This is a tension dog collar. When the dog is relaxed and taking direction, the prongs on the inside are relaxed and fold flat against the dog’s neck. But should the dog try to go off on his own, the tension on the collar pulls the prongs to dig into the dog’s neck.
I loathe this kind of collar but it truly is the perfect metaphor for my speech disability because if I am not speaking, I am relaxed and feel perfectly normal. But the minute I try to speak, my entire body stiffens up and I can’t.
Yes, my entire body goes stiff and not a word comes out — at least that’s what happens when I am alone and try to talk. As I have discovered, though, I am not mute when a trusted friend visits.
Instead of getting better though, I’m disappointed to find my speech is now worse. There is no denying it. I worry because I seem to be going the wrong way. Consequently, I am just waiting for January 3rd when I go to see Wendy Duke. She is the speech pathologist who will be doing my assessment.
My friend Beth is dealing with writer’s block; its been interesting her conjecturing about the cause on her blog. I could say that I have dress/costume maker’s block right now. I’ve certainly taken a long break from it. But I don’t care really, because I have no deadline and I don’t care if nothing comes of all my work. It’s an ideal frame of mind for me; the “work” is there if I want to do it but there’s no pressure to do it.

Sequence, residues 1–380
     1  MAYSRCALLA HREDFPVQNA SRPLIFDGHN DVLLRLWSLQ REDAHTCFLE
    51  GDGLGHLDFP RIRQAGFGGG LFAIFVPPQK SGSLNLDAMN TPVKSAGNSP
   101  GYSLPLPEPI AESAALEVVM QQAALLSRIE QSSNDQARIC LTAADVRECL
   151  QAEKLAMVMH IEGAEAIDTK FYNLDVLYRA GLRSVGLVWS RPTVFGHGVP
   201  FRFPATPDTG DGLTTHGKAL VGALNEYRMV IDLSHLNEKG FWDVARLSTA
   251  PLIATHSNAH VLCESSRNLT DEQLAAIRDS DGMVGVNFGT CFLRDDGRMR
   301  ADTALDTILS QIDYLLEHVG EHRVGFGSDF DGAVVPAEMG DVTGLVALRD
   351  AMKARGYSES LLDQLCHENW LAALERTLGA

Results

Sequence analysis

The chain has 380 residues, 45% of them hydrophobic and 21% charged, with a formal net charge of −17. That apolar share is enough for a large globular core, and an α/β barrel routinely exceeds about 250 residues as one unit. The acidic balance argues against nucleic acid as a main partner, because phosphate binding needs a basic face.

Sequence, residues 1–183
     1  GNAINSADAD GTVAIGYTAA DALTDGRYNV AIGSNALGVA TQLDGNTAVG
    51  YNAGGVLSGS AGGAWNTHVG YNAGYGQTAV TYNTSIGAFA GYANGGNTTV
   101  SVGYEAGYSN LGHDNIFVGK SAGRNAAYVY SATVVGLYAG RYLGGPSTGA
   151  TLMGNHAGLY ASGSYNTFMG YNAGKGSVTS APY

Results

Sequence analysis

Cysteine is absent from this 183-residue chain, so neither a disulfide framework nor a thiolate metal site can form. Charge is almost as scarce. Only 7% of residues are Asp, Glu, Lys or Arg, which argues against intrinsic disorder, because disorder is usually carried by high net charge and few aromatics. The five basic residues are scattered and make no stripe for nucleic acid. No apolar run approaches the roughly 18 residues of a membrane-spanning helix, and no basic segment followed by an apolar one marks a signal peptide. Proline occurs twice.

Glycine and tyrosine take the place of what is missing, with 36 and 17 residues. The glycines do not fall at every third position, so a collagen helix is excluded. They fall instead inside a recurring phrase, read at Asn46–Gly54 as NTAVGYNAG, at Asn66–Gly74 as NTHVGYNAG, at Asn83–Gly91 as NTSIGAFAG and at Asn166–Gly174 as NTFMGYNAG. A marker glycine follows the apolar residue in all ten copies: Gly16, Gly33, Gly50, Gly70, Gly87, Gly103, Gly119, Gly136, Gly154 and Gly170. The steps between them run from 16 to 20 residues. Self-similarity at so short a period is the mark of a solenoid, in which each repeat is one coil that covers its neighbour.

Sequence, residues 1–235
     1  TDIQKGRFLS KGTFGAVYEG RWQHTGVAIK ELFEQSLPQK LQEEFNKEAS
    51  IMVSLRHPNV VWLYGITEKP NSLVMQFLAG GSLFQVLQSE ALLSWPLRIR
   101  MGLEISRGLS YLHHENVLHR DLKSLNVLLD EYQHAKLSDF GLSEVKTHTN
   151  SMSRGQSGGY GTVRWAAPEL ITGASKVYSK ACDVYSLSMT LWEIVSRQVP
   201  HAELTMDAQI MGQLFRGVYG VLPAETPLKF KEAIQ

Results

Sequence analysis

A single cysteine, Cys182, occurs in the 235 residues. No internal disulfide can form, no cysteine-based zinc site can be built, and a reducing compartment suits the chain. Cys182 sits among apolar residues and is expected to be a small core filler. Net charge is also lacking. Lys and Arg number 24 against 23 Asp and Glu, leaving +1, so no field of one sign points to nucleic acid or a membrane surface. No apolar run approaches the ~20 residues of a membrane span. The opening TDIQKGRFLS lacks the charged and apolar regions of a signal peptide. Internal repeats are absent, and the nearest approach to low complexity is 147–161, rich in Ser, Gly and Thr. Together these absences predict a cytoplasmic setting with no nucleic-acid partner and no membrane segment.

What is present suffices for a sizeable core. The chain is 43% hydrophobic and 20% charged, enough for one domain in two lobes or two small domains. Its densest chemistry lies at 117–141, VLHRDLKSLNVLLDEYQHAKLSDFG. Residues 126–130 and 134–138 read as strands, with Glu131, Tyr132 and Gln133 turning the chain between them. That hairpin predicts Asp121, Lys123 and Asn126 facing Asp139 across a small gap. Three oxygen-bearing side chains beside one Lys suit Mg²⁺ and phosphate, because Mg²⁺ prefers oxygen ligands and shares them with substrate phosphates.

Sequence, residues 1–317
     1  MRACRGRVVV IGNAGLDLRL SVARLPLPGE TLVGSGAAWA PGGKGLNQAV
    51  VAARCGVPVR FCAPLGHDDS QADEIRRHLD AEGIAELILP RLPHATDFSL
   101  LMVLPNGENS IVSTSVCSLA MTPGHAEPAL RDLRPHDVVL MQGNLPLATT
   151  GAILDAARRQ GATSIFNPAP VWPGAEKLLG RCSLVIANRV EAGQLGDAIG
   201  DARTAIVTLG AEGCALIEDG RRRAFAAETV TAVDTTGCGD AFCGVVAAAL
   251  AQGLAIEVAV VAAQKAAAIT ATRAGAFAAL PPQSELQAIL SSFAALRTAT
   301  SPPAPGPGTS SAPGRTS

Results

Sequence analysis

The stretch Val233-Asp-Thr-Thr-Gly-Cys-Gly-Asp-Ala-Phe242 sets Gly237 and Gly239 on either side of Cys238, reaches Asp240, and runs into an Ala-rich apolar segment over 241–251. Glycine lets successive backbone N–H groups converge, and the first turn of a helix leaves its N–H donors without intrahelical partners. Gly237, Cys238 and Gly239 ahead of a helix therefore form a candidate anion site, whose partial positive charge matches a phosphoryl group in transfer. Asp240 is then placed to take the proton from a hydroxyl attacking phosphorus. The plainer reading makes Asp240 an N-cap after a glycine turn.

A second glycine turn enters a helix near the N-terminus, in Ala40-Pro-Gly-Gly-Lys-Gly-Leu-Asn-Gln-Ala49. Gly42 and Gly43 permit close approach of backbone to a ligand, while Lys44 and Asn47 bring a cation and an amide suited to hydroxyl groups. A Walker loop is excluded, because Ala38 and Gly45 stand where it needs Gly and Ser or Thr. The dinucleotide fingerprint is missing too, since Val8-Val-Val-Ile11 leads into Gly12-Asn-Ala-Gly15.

I went to see Lion, the adoption reunion film starring Dev Patel who makes my heart pound. Instead of a pacemaker, I should just watch Dev Patel movies. Sadly, though, Nicole Kidman is in it. She leaves me absolutely cold; I have yet to believe anything I have seen her do, I’m sad to say.
I am so happy that I can say I love life. I love writing every day on my computer and looking at the photo blogs that are my habit to peruse. I love my hot baths, the chocolate I eat and the constant demands for attention that Leon provides. I am a very popular man with Leon.
There are some great cheap eating places close by and more than a handful of the city’s finest dining places are a short walk away. And so are several parks and the seawall. Plus, I live in a true neighbourhood, slightly too urban though it may be. There is every store necessary within three blocks.
I want for nothing and every single thing I feel obligated to do is in my best interest.
Blah. Blah. Blah. But this sentiment of abundance and contentment dominates my emotional landscape when I am at home. My blessings easily trump my mental health issue and thank God for that.
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